Synopses & Reviews
In Tibet, geologist David R. Montgomery heard a local story about a great flood that bore a striking similarity to Noah's Flood. Intrigued, Montgomery began investigating the world's flood stories and — drawing from historic works by theologians, natural philosophers, and scientists — discovered the counterintuitive role Noah's Flood played in the development of both geology and creationism. Steno, the grandfather of geology, even invoked the Flood in laying geology's founding principles based on his observations of northern Italian landscapes. Centuries later, the founders of modern creationism based their irrational view of a global flood on a perceptive critique of geology. With an explorer's eye and a refreshing approach to both faith and science, Montgomery takes readers on a journey across landscapes and cultures. In the process we discover the illusive nature of truth, whether viewed through the lens of science or religion, and how it changed through history and continues changing, even today.
"Many theologians and scientists within the Christian tradition have long interpreted the biblical story of Noah's flood as a worldwide event and a foundation for determining the geological age of the earth. In this rich, animated narrative, geologist Montgomery points out that theologians have often bent an amazing array of geological evidence to support a literal interpretation of Noah's flood. But what does the Earth itself tell us? Using the evidence he finds in the various strata of rocks in a roadbed in Kentucky, Montgomery contends that the '440 million-year-old, trilobite-bearing limestone' is clearly not a chaotic, mixed-up product of an earth-churning flood. The rocks formed when an ancient 'proto-Atlantic Ocean' led to the formation of a thick pile of sediment that gradually accumulated layer by later — stretching from Newfoundland to Alabama. Moreover, plate tectonics shatters the myth of a global flood by explaining the sequences, ages, and assemblages of rocks we find throughout the world, as well as the global distribution of topography. Brilliant and provocative, Montgomery's exploration of scientific and theological understandings of Noah's flood vibrantly opens our eyes to the marvels of ancient rocks that are far grander than ourselves. 20 illus., maps. Agent: Elizabeth Wales, Wales Literary Agency." Publishers Weekly (Starred Review) Copyright PWxyz, LLC. All rights reserved.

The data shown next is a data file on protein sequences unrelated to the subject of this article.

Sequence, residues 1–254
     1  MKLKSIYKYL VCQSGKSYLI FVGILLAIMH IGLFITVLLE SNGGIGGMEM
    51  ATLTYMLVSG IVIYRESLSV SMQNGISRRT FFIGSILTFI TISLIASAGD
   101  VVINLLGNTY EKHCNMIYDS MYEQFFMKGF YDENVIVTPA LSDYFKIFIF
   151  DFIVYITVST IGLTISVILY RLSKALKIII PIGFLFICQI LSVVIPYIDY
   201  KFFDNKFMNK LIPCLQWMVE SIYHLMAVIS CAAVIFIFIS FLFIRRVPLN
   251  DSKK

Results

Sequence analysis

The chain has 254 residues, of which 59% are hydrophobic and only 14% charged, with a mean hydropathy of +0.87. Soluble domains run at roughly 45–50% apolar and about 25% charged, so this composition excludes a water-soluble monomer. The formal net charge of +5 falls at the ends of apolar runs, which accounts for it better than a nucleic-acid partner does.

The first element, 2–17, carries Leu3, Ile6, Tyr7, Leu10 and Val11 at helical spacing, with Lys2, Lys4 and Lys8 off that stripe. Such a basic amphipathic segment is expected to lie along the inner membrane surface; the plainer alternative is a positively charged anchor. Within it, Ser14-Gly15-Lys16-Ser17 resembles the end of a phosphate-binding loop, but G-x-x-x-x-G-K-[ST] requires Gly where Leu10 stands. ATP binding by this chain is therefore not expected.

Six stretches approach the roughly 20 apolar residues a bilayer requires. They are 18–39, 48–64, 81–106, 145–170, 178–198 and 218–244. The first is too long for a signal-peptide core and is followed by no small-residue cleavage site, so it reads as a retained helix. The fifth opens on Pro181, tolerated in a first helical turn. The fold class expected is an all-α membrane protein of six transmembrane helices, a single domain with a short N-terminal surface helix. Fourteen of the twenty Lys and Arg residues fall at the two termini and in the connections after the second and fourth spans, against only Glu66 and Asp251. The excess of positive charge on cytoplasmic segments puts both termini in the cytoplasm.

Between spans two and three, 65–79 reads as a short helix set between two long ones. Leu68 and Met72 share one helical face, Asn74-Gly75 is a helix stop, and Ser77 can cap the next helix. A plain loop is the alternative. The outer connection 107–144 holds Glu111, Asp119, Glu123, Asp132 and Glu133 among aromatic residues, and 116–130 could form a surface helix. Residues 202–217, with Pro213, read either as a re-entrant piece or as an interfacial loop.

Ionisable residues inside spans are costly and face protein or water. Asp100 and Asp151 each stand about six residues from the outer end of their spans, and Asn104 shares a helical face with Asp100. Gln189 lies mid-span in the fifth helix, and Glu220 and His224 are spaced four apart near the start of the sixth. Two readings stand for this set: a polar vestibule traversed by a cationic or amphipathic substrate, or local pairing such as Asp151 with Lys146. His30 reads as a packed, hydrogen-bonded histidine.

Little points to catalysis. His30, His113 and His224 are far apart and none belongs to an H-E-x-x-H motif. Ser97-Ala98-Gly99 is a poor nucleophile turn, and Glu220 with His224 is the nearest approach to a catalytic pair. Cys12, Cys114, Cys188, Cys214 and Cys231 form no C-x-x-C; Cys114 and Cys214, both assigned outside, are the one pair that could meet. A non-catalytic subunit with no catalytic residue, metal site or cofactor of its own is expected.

"Though Montgomery obviously knows his science, he also knows how to write, so this isn't just history of science. It's literature." Ray Olson (Starred Review)
"Examining a wide variety of flood and creation stories across centuries, Montgomery provides an enthusiastic and valuable recounting of the history of geology and how the advances in science have consistently faced opposition from the guardians of so-called religious authority, based on a literal reading of the Bible." Booklist
"Montgomery...offers a thorough critique of creationist worldviews...while treating his opponents with respect, reflecting on both ancient and modern debates and demonstrating that Christians have been arguing among themselves about these subjects for millennia....The combination of historical study and humility on behalf of geology makes for an extremely persuasive work. Highly recommended." Kirkus Reviews
"A MacArthur Fellow presents a surprising perspective on Noah's Flood by interrogating the rock strata in a roadbed in Kentucky." John M. Kistler Library Journal
"Starred review. Brilliant and provocative, Montgomery's exploration of scientific and theological understandings of Noah's flood vibrantly opens our eyes to the marvels of ancient rocks that are far grander than ourselves." Publishers Weekly
"Starred review. Though Montgomery obviously knows his science, he also knows how to write, so this isn't just history of science. It's literature." Ray Olson
How the mystery of the Bible's greatest story shaped geology: a MacArthur Fellow presents a surprising perspective on Noah's Flood.
About the Author
David R. Montgomery is a professor of geomorphology at the University of Washington in Seattle, where he lives. The author of Dirt and King of Fish, he was a 2008 MacArthur Fellow.